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I only know about cloud application "in theory"; I've read some material related to cloud computing but never had access to cloud computing from the point of view of their developer (not of the sysadmin!).

What is specific in developing (not deploying) cloud software in compiled languages (precisely those accepted by recent or near future GCC, so C, C++, Go, Fortran, D, ....) ??

The What is a Cloud-native application question is helpful but not much.

I have read Above the Clouds: A Berkeley View of Cloud Computing, which does not really answer my question (and reinforce my opinion that cloud computing is more a way of deploying applications that of designing and developing new ones). The C++ and Cloud Computing white-paper advocates Casablanca, the Microsoft C++ REST SDK. There is also a AWS SDK for C++.

FWIW, the context of this question is working on a research grant proposal to H2020 call ICT-16-2018 Software Technologies, with mostly static source code analysis in mind. I'm interested mostly (but not only) in HPC and big data apps running on the cloud.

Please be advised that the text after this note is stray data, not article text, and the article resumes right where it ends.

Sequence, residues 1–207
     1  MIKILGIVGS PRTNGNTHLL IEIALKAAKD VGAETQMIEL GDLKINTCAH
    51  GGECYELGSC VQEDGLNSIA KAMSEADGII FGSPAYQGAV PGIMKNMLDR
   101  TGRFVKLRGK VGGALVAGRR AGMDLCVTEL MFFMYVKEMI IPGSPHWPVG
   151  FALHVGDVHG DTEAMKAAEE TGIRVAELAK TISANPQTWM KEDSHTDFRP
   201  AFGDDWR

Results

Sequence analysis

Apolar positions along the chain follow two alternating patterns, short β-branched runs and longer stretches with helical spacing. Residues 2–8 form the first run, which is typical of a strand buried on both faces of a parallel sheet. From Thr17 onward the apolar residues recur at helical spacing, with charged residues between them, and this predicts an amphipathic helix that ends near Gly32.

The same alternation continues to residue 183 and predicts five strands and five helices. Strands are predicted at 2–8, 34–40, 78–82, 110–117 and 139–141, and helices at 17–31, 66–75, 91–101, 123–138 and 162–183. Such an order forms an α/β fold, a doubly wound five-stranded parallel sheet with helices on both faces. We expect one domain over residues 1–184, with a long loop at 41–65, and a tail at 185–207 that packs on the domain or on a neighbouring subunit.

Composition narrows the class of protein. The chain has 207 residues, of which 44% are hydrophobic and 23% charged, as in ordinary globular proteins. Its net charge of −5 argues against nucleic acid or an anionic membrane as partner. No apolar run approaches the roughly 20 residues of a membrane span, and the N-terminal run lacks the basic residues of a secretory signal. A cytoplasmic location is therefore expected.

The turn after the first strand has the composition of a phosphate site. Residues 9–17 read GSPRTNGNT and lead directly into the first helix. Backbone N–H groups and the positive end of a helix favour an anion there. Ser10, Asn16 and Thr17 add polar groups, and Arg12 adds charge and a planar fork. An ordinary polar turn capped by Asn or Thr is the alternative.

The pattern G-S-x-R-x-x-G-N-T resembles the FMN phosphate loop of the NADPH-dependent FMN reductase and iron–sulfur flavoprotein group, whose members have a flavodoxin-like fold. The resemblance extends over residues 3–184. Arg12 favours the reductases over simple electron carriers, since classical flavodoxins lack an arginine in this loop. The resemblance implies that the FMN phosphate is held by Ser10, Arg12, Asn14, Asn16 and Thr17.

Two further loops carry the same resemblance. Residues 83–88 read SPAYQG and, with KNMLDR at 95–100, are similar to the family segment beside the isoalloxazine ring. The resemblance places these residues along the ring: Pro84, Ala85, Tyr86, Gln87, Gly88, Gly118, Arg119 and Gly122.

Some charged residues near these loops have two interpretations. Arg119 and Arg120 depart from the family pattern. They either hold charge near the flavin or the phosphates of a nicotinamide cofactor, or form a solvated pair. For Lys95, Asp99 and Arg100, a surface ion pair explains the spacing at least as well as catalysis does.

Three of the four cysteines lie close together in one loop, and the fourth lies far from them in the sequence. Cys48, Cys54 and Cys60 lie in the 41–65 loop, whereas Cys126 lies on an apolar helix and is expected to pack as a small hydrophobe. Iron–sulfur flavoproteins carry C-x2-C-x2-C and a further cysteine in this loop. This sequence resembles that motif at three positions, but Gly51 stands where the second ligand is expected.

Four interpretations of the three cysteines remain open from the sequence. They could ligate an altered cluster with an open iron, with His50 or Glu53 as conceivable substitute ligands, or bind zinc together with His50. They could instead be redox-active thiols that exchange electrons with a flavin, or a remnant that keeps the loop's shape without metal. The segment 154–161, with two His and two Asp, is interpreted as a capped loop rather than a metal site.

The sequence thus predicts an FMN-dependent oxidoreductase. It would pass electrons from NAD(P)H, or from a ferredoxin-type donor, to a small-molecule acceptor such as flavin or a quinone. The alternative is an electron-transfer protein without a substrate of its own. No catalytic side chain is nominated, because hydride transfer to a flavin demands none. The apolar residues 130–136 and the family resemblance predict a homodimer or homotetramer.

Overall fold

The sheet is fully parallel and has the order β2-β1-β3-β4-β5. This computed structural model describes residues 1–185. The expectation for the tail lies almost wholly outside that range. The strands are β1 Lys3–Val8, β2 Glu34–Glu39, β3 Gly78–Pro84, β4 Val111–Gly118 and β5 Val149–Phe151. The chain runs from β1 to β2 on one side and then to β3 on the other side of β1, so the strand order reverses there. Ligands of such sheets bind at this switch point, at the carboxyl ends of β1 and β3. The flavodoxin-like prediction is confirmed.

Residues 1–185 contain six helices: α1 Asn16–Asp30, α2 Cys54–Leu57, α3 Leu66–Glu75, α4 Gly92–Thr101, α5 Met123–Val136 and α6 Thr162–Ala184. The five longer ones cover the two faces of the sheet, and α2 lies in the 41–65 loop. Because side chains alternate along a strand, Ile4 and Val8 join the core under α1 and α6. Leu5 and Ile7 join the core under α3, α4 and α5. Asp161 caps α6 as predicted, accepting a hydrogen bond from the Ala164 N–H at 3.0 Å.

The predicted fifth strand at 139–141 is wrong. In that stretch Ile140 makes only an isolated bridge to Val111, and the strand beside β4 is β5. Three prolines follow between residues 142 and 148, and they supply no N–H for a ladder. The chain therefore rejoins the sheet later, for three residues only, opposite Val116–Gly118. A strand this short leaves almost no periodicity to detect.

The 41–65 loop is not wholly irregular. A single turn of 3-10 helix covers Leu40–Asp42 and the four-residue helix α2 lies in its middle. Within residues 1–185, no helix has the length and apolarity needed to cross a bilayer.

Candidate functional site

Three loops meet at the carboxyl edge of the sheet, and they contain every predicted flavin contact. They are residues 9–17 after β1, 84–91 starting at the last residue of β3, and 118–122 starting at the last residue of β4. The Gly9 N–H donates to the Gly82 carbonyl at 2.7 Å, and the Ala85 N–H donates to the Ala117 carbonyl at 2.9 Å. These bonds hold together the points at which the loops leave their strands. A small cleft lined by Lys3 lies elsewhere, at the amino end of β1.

My first impression is that cloud computing is separated in two directions:

  • medium-scale cloud computing, that is running a program (or a small set of programs) on a known (and rather small and reliable) set of cloud instances, typically a few dozen or a hundred of (perhaps virtual) machines or containers. Then, from the developer's point of view, it is "just" coding a networked application (using decades old techniques like TCP sockets, perhaps with recent libraries like 0mq, etc...). The developer assumes that all instances he wants to are running reliably his code. Hence such development is similar to the development of code written in the 1990s running on a local network of dozen Unix workstations. I would probably give (as program arguments or configuration files) to such an app the network coordinates (IP addresses, TCP ports, ...) of fellow application processes running in the same cloud. So it is like old cluster computing.